Skip to main content

Editorials Officer behind G20 mass arrests held to account, but where was Bill Blair?

Toronto police surround and detain protesters and uninvolved bystanders in the downtown area during the G20 protests of 2010.

Sabrina Diemert

Justice delayed is better than no justice at all. But five years after Toronto's police force shamefully violated the rights of peaceful protesters and uninvolved bystanders during the much-lamented G20 summit, there is little satisfaction in knowing that a solitary senior officer has finally been found guilty of charges at a police disciplinary tribunal.

Supt. Mark Fenton ordered unlawful mass arrests in two incidents that still resonate as a disgraceful abuses of power – in one case blockading hundreds of citizens at a downtown intersection and forcing them to withstand a torrential downpour without a shred of evidence that they were a threat to public safety.

This pointless demonstration of police control, occurring as the summit ended, was in sharp contrast to the force's utter failure to contain the limited outbreaks of orchestrated violence earlier in the summit.

Story continues below advertisement

Supt. Fenton was unable or unwilling to distinguish between window-breaking vandals, chanting demonstrators and random passers-by – in his mind they all deserved to be treated with official contempt. Retired judge John Hamilton, who presided over the disciplinary hearing, rightly called him out for his abuse of authority.

"The decision to order mass arrests demonstrated a lack of understanding of the right to protest," Mr. Hamilton stated. "His use of power was not rationally connected to the purported risks to be managed."

Supt. Fenton, who supervised the G20 major-incident command centre, said he was following the orders of his superiors "to take back the streets." But Mr. Hamilton decided not to hear testimony from Bill Blair, Toronto's police chief during the G20 and now a federal Liberal candidate, for technical reasons related to the former chief's role in the running of the tribunal.

Supt. Fenton, who supervised the G20 major-incident command centre, said he was following the orders of his superiors "to take back the streets." But Mr. Hamilton decided not to hear testimony from Bill Blair, Toronto's police chief during the G20 and now a federal Liberal candidate, for technical reasons related to the former chief's role in the running of the tribunal.

Mr. Blair has never adequately accounted for the misbehaviours of his force during the G20. Ontario Ombudsman André Marin called it "the most massive compromise of civil liberties in Canadian history." It was a very bad day for the Toronto Police Service. There was a failure of leadership at the highest level. Whether he lost control of his officers or failed to properly oversee their poor decisions, Mr. Blair needs to revisit the lost weekend of 2010 and explain his force's performance. An election campaign is as good a place as any to demand answers.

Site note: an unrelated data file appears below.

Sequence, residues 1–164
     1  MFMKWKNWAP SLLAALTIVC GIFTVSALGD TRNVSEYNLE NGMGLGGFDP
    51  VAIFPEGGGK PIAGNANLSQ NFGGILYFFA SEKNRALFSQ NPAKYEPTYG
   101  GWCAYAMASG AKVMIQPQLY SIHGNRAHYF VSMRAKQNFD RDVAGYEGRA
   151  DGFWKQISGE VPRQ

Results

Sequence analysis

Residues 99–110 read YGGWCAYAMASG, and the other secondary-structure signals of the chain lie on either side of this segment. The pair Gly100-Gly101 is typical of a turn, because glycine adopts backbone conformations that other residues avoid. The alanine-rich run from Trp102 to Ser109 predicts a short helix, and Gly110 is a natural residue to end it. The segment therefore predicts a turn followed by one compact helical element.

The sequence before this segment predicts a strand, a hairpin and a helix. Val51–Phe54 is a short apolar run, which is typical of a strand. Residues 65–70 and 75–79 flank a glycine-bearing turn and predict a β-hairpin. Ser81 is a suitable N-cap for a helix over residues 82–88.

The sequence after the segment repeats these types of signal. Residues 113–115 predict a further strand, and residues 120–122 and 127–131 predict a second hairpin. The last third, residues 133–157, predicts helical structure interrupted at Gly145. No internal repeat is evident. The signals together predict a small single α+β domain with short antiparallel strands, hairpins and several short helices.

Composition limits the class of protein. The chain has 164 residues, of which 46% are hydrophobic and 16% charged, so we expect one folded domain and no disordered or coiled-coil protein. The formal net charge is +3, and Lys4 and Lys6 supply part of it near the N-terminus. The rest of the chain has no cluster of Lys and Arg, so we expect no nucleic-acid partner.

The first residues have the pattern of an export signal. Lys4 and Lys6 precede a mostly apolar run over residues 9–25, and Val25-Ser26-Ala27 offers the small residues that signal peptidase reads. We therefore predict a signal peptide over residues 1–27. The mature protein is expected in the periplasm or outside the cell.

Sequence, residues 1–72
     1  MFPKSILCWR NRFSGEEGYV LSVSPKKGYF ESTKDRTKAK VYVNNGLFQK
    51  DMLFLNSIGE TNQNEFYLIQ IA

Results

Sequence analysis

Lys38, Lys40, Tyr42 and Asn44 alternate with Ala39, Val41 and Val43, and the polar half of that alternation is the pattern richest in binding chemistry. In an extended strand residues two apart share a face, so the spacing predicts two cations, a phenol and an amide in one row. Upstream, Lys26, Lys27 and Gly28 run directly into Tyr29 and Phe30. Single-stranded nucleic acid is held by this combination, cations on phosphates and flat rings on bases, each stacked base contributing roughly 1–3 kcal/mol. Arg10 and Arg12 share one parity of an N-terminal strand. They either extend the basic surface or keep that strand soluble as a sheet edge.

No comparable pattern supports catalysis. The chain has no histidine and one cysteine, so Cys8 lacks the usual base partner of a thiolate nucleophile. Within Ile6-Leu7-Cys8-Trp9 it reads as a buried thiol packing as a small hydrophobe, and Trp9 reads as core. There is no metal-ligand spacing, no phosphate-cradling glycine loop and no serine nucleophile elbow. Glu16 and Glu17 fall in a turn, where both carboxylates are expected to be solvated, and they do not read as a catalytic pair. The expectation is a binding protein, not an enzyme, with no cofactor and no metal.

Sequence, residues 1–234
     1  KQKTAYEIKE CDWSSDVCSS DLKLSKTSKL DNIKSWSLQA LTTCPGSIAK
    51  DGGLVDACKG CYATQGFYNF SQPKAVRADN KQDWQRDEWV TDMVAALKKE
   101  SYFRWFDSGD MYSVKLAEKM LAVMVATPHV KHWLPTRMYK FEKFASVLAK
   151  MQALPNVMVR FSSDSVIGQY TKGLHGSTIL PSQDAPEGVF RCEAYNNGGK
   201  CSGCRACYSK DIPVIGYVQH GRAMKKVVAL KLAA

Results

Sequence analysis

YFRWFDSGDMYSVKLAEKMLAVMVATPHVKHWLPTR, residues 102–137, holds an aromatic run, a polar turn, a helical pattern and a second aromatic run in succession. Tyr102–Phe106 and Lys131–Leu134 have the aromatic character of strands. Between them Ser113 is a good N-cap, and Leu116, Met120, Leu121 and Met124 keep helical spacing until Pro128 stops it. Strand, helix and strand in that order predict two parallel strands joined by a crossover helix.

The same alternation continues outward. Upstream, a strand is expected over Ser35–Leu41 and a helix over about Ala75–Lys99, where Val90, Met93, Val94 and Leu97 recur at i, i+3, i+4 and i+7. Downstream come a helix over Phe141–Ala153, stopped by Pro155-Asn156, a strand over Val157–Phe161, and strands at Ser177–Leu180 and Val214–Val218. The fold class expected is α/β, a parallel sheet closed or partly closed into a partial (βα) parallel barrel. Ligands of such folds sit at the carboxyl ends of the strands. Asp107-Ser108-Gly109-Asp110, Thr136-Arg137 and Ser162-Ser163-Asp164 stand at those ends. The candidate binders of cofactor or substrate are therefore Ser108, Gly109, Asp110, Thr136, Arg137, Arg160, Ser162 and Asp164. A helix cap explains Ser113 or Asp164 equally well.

Report an error Editorial code of conduct
Due to technical reasons, we have temporarily removed commenting from our articles. We hope to have this fixed soon. Thank you for your patience. If you are looking to give feedback on our new site, please send it along to feedback@globeandmail.com. If you want to write a letter to the editor, please forward to letters@globeandmail.com.

Welcome to The Globe and Mail’s comment community. This is a space where subscribers can engage with each other and Globe staff. Non-subscribers can read and sort comments but will not be able to engage with them in any way. Click here to subscribe.

If you would like to write a letter to the editor, please forward it to letters@globeandmail.com. Readers can also interact with The Globe on Facebook and Twitter .

Welcome to The Globe and Mail’s comment community. This is a space where subscribers can engage with each other and Globe staff. Non-subscribers can read and sort comments but will not be able to engage with them in any way. Click here to subscribe.

If you would like to write a letter to the editor, please forward it to letters@globeandmail.com. Readers can also interact with The Globe on Facebook and Twitter .

Welcome to The Globe and Mail’s comment community. This is a space where subscribers can engage with each other and Globe staff.

We aim to create a safe and valuable space for discussion and debate. That means:

  • Treat others as you wish to be treated
  • Criticize ideas, not people
  • Stay on topic
  • Avoid the use of toxic and offensive language
  • Flag bad behaviour

Comments that violate our community guidelines will be removed.

Read our community guidelines here

Discussion loading ...

Cannabis pro newsletter